Developments over the past few years in predictive analytics are providing opportunities to improve the early identification of claims with a higher likelihood of piercing workers’ compensation reinsurance layers. Over the past decade or so, the field of claim analytics has moved from performing forensic work on closed claims to analytics that can identify at 60 days from the date of injury (or sooner) claims with a high likelihood of exceeding a retention level.
While an excess loss is obvious for some catastrophic claims, the buildup to the attachment point is less obvious for many excess loss claims due to the subtleties of compounding factors. A significant challenge with early identification analytics for claims that have not reached an excess loss attachment point is that the administration of the claim is often handled by several specialists without any single participant noticing the aggregation of costly factors.
A recent development in predictive analytics is the use of machine learning software that extends the principles of conventional multivariate analyses. In contrast to the conventional analyses, these advanced analytic methods are not limited to linear relationships. Another development is the extraction of text information from claim adjusters’ notes, nurse care manager reports, and medical reports.
The advances with machine learning software and text mining algorithms are necessary tools for the early identification of claims most likely to become excess loss claims. To learn more about how analytics has affected the early identification of claims, read this article by Lori Julga and Phil Borba.
Milliman has announced the launch of gradient A.I. (formerly MillimanMAX), an advanced analytics platform that uncovers hidden patterns in big data in order to improve workers’ compensation claims management. The gradient A.I. platform is a transformative InsurTech technology built on the latest advanced techniques and artificial intelligence (A.I.), and delivers a daily decision support system (DSS) for insurers and self-insurers.
Milliman has been conducting research and development in the most advanced areas of artificial intelligence—also known as “deep learning”—for over five years, and the rebranding of gradient A.I. is a reflection of that enhanced experience. Our goal with gradient A.I. is to deliver the most actionable intelligence to our clients in the form of “decision support—and we’re pleased to note that so far clients have seen underwriting profit improvements of 3% to 5% and claim cost reductions in the neighborhood of 5% to 10%.
The key differentiator of gradient A.I. is its ability to identify relationships between structured and unstructured data, unlocking powerful and previously unknown information to deliver a competitive advantage to self-insured groups, carriers, and third-party administrators within the property and casualty (P&C) market. Additional product features include a custom data warehouse, easily identifiable and actionable risk drivers, dynamic reporting, and customizable reports and dashboard.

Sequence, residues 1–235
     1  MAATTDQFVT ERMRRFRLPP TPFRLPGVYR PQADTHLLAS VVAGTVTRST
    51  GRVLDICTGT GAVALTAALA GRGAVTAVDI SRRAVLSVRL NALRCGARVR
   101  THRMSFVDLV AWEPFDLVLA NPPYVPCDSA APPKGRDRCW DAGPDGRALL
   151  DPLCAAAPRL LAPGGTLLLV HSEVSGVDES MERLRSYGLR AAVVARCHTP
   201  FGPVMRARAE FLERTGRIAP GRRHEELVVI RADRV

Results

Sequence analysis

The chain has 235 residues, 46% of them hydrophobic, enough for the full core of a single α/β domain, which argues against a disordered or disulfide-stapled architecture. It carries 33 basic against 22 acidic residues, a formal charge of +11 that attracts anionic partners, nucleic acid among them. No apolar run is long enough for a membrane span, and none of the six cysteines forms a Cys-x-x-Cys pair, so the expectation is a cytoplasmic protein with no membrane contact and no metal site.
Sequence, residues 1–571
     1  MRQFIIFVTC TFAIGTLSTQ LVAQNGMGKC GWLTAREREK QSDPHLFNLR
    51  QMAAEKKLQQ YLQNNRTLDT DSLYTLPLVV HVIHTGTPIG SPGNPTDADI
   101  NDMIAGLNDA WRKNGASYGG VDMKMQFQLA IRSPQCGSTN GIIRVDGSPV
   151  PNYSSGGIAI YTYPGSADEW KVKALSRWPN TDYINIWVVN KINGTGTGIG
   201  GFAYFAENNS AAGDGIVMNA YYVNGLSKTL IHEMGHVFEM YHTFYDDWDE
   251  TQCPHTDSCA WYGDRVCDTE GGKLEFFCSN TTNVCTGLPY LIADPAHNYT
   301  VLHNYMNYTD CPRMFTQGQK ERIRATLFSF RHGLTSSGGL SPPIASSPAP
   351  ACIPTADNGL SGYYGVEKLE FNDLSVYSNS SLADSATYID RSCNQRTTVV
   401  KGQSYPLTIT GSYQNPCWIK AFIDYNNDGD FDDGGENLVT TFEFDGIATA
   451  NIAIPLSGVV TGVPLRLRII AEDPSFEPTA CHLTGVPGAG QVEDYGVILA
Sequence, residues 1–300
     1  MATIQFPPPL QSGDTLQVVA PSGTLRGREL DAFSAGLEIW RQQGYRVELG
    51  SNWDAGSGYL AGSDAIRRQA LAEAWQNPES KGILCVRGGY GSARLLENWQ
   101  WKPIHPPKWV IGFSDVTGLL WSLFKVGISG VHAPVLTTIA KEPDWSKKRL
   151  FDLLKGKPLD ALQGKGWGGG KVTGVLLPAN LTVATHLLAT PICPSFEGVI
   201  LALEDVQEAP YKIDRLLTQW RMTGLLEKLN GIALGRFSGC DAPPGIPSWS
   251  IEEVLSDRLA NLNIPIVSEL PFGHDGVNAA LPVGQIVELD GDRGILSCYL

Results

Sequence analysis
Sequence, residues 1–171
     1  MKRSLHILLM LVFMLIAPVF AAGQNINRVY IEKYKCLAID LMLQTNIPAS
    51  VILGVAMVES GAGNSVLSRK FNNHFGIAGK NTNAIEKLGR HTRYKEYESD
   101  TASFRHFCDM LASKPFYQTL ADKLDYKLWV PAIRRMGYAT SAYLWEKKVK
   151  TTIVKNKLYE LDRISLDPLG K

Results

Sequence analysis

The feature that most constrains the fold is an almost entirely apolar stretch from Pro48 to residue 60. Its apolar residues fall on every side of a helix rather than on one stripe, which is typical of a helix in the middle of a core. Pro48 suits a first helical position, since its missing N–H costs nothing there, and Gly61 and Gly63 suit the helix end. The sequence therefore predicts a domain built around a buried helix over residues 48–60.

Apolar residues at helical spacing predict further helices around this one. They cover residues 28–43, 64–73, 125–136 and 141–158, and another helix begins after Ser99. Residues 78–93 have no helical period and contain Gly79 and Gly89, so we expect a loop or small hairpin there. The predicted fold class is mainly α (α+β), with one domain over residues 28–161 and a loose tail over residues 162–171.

To learn more, click here.
Some insurers and third-party administrators (TPAs) have recently begun to tackle rising medical costs by implementing claims predictive models. In their paper, “Making workers’ compensation medical costs more manageable,” Rong Yi and Steve DiCenso discuss how next-generation predictive models enable changes in claims strategies and culture.
The authors highlight a case study in their paper illustrating how one company was able to make changes in these areas and gain value from enhanced predictive models.
The key strategic changes outlined by the authors focus on:
• Identifying and estimating future high-cost claims earlier.
• Identifying and quantifying the cost (risk) drivers of these claims.
• Creating a focused, early-intervention medical management program to prevent adverse claim development.
Over the last several years we’ve published several examples of how technology has led to breakthroughs in actuarial analysis, including articles on high-performance and cloud computing. Now a new article looks at how advances in the approach to and affordability of predictive analytics are allowing insurers to take a more innovative approach to how they manage their claims. As Ravi Kumar points out in “A cost-effective approach to casualty claims analytics,” more sophisticated claims analytics can have significant benefits for a property and casualty insurer and are now available to smaller companies.